Quantifying the Interview Questions

At this point in my project, I am looking at the data by quantifying the answers to the questions I have posed in the interviews. What I have learned from the community is that women do attend the community meetings. I posed this question, in the last 6 months have you attended a community meeting? 77.77% of women said that they had attended a community meeting. 66.66% of women attended a community meeting in the last 6 months. Attendance is not the same as participation. I have defined that participation entails an active role . In the questions I posed, I asked if the women had spoken at the community meeting. Of the women who said that they had attended a community meeting in the last 6 months, 22.22% of them said that they did not speak because they did not feel comfortable/confident. The theme of conversation is an influence on whether or not the women speak at the community meeting. Additionally, women think that the theme of the conversation influences if other women speak at the community meeting. In regards to women having more influence over issues in the community, 70.37% said that women have more influence over issues pertaining to health or education. The last questions concerned with women gender roles are still to be analyzed and quantified, however, I am satisfied with the progress so far. In my next post I will talk more specifically on what the answers to the questions mean in a qualitative sense.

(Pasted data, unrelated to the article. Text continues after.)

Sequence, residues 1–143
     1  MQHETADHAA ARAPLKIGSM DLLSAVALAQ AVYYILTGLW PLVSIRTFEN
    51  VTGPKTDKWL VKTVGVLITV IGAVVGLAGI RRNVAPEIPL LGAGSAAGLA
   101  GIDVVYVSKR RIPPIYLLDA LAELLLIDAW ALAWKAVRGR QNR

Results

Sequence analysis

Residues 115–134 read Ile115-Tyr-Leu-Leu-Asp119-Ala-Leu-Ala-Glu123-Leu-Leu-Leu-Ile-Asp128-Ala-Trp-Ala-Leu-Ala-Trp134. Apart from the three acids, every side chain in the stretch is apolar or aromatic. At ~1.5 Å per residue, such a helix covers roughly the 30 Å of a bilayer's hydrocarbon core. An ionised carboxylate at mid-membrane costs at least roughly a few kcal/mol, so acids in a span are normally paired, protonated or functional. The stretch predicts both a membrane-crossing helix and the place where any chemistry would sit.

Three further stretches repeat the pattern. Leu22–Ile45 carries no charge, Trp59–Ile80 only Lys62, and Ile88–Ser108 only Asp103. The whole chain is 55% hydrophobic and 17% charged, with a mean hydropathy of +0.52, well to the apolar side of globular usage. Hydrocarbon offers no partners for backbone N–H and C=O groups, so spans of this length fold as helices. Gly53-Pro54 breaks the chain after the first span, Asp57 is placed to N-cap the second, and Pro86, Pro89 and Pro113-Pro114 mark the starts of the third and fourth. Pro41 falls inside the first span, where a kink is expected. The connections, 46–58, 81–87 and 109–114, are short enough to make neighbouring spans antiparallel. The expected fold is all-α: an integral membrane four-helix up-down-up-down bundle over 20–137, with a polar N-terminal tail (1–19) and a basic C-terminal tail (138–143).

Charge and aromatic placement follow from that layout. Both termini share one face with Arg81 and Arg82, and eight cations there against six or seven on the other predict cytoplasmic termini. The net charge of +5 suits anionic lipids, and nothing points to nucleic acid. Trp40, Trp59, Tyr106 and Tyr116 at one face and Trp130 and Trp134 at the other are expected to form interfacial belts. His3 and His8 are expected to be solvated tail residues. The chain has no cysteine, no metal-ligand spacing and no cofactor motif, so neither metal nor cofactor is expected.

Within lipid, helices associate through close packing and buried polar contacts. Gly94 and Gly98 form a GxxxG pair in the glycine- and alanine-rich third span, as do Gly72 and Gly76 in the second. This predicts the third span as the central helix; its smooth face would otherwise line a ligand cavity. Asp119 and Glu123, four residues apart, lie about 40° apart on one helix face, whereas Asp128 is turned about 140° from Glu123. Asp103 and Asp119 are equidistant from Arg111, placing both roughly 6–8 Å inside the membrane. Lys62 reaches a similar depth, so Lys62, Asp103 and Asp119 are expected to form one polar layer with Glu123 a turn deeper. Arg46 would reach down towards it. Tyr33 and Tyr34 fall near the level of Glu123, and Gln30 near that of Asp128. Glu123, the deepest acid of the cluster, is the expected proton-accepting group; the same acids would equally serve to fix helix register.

Conducting Interviews

Conducting the interviews went for the most part, as planned. I gathered the sample necessary, 27 interviews from women of varying ages across the five focus groups of the community. One thing that could have been a barrier was the difference in language and colloquialism. I speak Mexican Spanish, which at the core is very similar to the rural Nicaraguan Spanish, however, there are words and pronunciation that are different. It was difficult at times for me to understand fully what the women were saying and vice versa. Conducting this research and speaking to these women has been one of the most humbling and rewarding experiences. I have learned so much about how the community is organized and how the women take care of their families and live in this part of Nicaragua. I am hoping that the data that I have collected and the conclusions that I draw can further help the community and enrich the partnership that I have started to develop with the women of the community. The next step in my research is the analyze the responses to the questions and compare them to the responses of other questions. In the next two weeks I will be working closely with Professor Aday who will assist me in analyzing the data. I am excited to see what I can learn from the interview responses!